KUALA LUMPUR, May 23 — Amelia Lim, 43, remembered that the cabin lights of the Singapore Airlines Flight SQ321 from London were just turned on for breakfast service when it suddenly hit severe turbulence.

The Malaysian who was bound for Singapore recalled that she could only hold onto her seat rails for dear life as she felt the aeroplane tilting back. When it subsided, she said the scene of the turmoil looked like “something out of the movie”.

“It was certainly harrowing. Something you have seen in a movie but did not expect. I was so afraid and because I could see so many individuals on the floor, they were all bleeding. There was blood on the floor as well as on the people.

“I would say it is fairly traumatising to some extent,” the public relations executive told Malay Mail in a phone interview last night.


Lim said the flight had been uneventful for the most part, but due to the sudden turbulence, many including her could not fasten their seatbelts in time despite the announcement from the pilot.

She said the turbulence, which lasted less than a minute, felt much longer and caused chaos within the cabin as passengers were flung about, and loose items became dangerous projectiles.

“There was a lot of movement, with things being thrown up into the air and coming back down. The next thing I knew, I found myself on the floor, face-planted. When I got up, I had to regain my bearings.


“The woman who had been seated next to me was now motionless in the aisle and unable to move, likely suffering from a hip or spinal injury. I didn't know her, but when people asked if she could wiggle her toes or feel her legs, she could not respond. Her husband, who was seated next to her, had also hit the ceiling during the turbulence and was bleeding profusely from his head,” she recalled.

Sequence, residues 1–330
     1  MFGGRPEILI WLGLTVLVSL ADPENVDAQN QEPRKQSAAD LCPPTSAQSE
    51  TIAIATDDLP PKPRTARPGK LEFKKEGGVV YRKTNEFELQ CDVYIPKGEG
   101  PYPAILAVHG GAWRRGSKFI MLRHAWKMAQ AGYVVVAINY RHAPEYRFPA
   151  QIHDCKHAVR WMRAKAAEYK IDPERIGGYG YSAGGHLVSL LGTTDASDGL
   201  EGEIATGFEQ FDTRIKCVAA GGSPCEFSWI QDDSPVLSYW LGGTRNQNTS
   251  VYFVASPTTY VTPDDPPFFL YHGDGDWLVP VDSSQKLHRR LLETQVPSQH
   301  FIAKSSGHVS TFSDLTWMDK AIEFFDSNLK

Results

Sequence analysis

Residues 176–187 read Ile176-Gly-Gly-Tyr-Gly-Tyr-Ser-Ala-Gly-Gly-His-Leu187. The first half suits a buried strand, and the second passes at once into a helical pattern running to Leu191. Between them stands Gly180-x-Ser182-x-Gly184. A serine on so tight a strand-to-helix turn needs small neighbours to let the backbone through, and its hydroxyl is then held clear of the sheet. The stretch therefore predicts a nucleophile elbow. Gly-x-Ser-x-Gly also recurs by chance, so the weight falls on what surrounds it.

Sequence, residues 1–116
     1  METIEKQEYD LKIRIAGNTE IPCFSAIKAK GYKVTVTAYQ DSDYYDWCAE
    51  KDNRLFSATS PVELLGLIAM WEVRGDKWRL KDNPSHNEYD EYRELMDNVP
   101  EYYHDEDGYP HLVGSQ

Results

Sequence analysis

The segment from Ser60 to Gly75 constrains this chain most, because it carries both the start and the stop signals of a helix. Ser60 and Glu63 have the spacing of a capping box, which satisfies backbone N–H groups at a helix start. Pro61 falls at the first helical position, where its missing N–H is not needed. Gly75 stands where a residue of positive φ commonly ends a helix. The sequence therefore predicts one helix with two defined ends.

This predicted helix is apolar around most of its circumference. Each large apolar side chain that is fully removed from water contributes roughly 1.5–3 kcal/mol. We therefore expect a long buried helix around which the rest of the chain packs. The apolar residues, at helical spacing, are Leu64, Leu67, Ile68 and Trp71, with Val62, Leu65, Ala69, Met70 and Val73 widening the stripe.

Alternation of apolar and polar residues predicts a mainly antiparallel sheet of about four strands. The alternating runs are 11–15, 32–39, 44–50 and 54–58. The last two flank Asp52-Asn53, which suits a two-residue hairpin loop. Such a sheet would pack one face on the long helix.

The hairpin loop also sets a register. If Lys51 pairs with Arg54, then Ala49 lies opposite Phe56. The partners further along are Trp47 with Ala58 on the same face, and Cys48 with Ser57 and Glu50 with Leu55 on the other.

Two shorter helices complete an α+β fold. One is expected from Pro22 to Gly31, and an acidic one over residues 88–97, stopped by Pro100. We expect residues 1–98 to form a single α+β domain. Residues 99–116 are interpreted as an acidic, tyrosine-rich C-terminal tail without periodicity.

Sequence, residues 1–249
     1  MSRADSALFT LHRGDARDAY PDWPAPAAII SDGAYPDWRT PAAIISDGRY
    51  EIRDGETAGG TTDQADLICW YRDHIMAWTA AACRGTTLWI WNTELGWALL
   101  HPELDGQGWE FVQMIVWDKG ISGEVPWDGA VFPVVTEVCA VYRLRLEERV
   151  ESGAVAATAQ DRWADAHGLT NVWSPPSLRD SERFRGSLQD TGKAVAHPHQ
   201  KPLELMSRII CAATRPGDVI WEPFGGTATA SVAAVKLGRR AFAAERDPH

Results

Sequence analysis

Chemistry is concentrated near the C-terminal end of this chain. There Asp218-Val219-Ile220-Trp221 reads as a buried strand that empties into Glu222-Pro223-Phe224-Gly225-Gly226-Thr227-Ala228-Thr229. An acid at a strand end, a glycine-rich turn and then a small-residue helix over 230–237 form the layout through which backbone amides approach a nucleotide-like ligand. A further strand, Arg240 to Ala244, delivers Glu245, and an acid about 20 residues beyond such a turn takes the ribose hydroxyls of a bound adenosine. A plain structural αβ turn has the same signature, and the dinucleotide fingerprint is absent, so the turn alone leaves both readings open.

The SIA SQ321 flight with 211 passengers and 18 crew members was travelling from London to Singapore when it encountered sudden extreme turbulence over the Irrawaddy Basin at an altitude of 37,000 feet, approximately 10 hours after departure.

The pilot declared a medical emergency and diverted the Boeing 777-300ER aircraft to Bangkok, landing at 3.45pm local time last Tuesday.

Lim also shared that despite the crew's best efforts, a passenger in the premium economy section suffered a heart attack.

She said the medical personnel onboard, including doctors and nurses, sprang into action, attempting CPR for nearly 20 minutes to no avail and he died at the scene.

“I think they called for doctors, and luckily, there were doctors on the plane, a lot of medical personnel and nurses. They tried to give him CPR for, I think, about 20 minutes, and it didn't work,” she said.

“I bumped my head in a few areas. I think I do have probably a mild concussion. My face is quite scratched up from getting thrown away from the seat. So half my face looks like I have got a boxer's face,” she said.

Lim then said she applauded the actions of the flight attendants for remaining calm and offering help despite some of the crew members who were also injured themselves.

“There was a female sitting diagonally one foot away from me, and she was in pain because she kept saying, 'My back, my back' and she appeared to be strapped down. I couldn't tell, but she was obviously in a lot of agony.

“So they were all attempting to calm everyone down until we arrived in Bangkok, where the Thai reaction team was already on-site,” she said.

The incident caused one death and multiple injuries. Suvarnabhumi Airport director Kittipong Kittikachorn yesterday said the only fatality in the incident was a 73-year-old British man.

Singapore Airlines said 16 Malaysians were among the 211 passengers aboard the flight.

Yesterday, Malaysian Ambassador to Thailand Datuk Jojie Samuel three of the Malaysian passengers were currently warded in the Intensive Care unit, but none are in critical condition.